[Published in London Street-Art Design Issue 9, 2012]
Arun Ghosh is a British-Asian clarinettist, composer and music educator. Conceived in Calcutta, bred in Bolton, matured in Manchester and now living in London, Arun Ghosh’s musical vision and vocabulary reflect his rich geographical heritage.
Ghosh released his debut album “Northern Namaste” in 2008, and his second album, “Primal Odyssey” in Autumn 2011, both on camoci records. Both albums have received widespread critical acclaim and extensive airplay, and are prime contemporary examples of the IndoJazz genre. The first Arun Ghosh IndoJazz Sextet performance took place at the London Jazz Festival in 2007 and Ghosh has since lit up the British jazz scene with numerous intense and cathartic performances at clubs, festivals and melas in London and around Britain. Internationally, Ghosh has performed at festivals and venues in France, Germany, Austria, India, Kuwait and the United Arab Emirates.
In 2008, Ghosh was selected for Edition IV of the Jerwood/PRS Foundation ‘Take Five’ initiative for emerging jazz musicians produced by Serious and in 2009, he was invited to perform at the jazzahead! Festival in Bremen, Germany as part of the UK showcase presented by Jazz Services. In 2010, he was made an Associate Artist at The Albany Theatre, London ˆ a position still held and in April 2011, Ghosh was made an Artist-in-Residence for the Southbank’s Alchemy Festival. September 2011 saw Ghosh feature as the cover star for Jazzwise magazine, the UK’s biggest selling jazz magazine and the end of the year saw Ghosh become an official Rico UK Artist. Ghosh is one of the BT Celebrity Storytellers for the London 2012 Olympics and Paralympics and will also appear as a featured artist for the BT River of Music events as part of the 2012 Cultural Olympiad.
Arun Ghosh’s music embodies a seamless syncretism of blues and beats indigenous to North Indian rāgas. Ghosh takes this fusion and adds to it a splash of urban funk, postmodern punk, and the contemporary groove of rock ‘n roll set amidst a precipitation of dub bass and his rāg explorations. Together this confluence of various musical forms creates a sub-genre reminiscent of Coletrane’s harmonically static style which allows for rhythmic and melodic improvisation. Arun Ghosh’s second album, Primal Odyssey, was released in October 2011 on camoci records and represents his exploration of the sound of the classical jazz ensemble with his Horn E Bass Quintet.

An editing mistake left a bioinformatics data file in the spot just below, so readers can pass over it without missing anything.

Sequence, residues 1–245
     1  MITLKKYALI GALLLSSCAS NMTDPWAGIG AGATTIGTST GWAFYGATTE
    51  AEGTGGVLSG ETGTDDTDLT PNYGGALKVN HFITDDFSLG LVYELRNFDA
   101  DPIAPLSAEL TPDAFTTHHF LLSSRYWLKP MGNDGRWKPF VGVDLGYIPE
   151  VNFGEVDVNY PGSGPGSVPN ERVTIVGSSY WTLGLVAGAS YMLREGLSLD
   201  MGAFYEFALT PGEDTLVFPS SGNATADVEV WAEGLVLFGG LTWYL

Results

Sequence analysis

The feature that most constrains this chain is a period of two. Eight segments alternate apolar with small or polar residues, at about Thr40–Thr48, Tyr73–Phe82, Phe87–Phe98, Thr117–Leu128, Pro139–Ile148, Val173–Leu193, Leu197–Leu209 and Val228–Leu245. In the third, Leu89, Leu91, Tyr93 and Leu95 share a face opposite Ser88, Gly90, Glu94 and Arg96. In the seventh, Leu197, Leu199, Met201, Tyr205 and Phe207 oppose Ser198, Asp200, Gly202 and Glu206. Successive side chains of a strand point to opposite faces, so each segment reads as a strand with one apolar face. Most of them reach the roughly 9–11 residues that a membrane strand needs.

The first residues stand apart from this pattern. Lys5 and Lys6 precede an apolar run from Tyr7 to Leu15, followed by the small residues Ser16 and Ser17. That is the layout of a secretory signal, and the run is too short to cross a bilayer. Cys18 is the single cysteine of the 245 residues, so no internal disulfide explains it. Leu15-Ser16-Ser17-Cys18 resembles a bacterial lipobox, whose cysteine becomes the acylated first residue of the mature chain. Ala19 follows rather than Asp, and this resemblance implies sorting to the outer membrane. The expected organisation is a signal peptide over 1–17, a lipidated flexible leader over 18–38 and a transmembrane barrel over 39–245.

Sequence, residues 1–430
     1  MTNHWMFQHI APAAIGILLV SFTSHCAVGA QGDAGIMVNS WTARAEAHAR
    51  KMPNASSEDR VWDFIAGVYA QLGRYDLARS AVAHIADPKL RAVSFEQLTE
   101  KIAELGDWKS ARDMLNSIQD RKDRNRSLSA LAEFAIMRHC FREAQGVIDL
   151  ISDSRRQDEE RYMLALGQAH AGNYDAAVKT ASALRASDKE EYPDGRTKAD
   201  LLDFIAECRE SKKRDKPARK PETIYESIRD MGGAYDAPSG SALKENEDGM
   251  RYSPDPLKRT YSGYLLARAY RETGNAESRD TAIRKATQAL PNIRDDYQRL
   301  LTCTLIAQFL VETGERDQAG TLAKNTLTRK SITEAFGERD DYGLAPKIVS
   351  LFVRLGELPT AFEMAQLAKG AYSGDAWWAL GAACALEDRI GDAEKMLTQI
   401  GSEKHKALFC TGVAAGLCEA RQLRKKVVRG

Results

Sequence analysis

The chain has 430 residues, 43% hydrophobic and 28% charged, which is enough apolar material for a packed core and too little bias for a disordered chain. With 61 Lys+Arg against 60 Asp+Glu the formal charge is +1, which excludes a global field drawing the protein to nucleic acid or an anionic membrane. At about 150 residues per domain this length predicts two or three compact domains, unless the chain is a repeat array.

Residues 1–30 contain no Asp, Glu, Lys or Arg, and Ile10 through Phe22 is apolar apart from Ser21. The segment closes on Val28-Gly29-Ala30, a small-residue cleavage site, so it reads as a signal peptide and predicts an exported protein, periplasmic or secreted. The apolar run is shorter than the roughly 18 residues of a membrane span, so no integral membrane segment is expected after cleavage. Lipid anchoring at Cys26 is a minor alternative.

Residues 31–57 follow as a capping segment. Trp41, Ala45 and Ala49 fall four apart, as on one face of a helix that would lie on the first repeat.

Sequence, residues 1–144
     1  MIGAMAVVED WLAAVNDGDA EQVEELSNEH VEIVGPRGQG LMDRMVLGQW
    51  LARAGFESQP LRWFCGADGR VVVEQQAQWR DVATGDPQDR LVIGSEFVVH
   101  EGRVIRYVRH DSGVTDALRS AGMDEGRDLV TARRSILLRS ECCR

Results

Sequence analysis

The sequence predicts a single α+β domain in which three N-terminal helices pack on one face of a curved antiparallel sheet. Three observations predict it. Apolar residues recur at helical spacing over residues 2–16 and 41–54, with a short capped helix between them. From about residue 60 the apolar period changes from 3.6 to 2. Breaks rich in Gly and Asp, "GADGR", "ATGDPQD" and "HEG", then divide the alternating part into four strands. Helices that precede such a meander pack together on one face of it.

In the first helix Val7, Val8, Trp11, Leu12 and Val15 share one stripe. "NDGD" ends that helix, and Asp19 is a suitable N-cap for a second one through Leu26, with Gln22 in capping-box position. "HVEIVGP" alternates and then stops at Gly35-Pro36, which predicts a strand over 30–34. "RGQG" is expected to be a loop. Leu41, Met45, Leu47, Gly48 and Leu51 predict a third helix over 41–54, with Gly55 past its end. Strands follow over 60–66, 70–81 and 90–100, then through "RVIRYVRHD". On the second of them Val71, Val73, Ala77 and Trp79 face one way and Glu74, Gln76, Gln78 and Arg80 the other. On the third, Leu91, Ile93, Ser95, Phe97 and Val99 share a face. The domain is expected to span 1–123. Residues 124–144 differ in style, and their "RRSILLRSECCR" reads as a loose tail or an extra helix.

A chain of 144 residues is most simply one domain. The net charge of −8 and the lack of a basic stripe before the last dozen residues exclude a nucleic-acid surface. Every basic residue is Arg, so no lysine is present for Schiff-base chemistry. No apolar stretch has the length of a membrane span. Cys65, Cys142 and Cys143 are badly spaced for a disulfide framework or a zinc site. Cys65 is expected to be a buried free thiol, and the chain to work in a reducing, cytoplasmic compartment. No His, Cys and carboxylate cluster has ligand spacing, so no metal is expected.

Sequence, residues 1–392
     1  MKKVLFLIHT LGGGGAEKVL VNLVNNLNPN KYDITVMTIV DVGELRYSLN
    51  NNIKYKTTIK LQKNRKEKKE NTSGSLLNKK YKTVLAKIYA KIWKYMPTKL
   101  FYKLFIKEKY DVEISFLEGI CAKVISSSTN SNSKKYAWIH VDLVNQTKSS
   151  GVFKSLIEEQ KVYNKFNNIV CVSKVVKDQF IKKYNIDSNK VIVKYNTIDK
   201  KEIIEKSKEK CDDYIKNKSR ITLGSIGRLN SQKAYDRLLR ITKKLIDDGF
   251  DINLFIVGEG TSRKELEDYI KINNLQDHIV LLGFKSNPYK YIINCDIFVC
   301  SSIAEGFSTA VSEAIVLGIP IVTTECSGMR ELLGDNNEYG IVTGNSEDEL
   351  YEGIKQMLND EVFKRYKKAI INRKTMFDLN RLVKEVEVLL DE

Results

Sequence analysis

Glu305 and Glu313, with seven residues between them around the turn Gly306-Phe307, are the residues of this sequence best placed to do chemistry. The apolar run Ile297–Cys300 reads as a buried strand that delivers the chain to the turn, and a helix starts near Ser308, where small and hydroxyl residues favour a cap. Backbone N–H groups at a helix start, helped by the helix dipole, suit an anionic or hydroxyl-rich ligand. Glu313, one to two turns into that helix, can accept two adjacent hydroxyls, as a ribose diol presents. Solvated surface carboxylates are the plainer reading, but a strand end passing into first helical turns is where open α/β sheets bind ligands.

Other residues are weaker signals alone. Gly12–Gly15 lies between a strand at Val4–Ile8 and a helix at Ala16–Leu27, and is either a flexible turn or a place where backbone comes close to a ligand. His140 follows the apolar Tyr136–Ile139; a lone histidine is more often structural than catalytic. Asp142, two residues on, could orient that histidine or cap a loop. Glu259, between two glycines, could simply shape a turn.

Recently I met up with Arun Ghosh in a coffee shop around the corner from the BBC Broadcasting House where he had just come from a live interview with Cerys Mathews. Arun generously shared his time to participate in a second interview that morning with me.
Vigo: Arun, thank you for meeting with me this morning. Could you begin by talking a bit about your background and introduction to music?
Ghosh: I grew up in the north of England in a town called Bolton. It’s a small town near Manchester. My dad is from West Bengal and my mum is Sindhi, from Sindh, which later became a part of Pakistan. And I grew up in Britain. There was no real music in the family but I was always encouraged to play. I started from a young age playing music in school—the recorder and the violin and instruments like that. I knew right away that music was the real driving force in my life and from that time and I just carried on playing and making up my own tunes. I started playing the clarinet when I was twelve or thirteen. That was partly because I was told it was a good instrument for jazz. By that point I was into jazz. I was listening to Courtney Pine playing on the television at the Free Nelson Mandela concert and I was really taken with it. I realised that the music I liked had that kind of sound—that sort of jazz thing. I started making up my own music and improvising a little bit, not really working too hard on it. I was still playing classical music really and I thought of myself as…well, I was learning from the instrument in this way. In the meantime I was growing up and listening to all sorts of music, all the music you are exposed to in Britain—Indie music, hip-hop, rock, all sorts of things, but I was still always into jazz. And as I got older and started performing more jazz, I realised that I was looking for new forms of improvisation and went back into Indian music. I had listened to Indian music when I was growing up, taken by my family to concerts and there was always Indian music being played at home. It really just resonated with me again. Once I started playing it and working with tabla players, getting more involved in Indian music and listening to it more and thinking about it more, I realised that it was something that was really inside me and it started to affect how I was playing, what I was choosing to write, how I was thinking about music, and so on.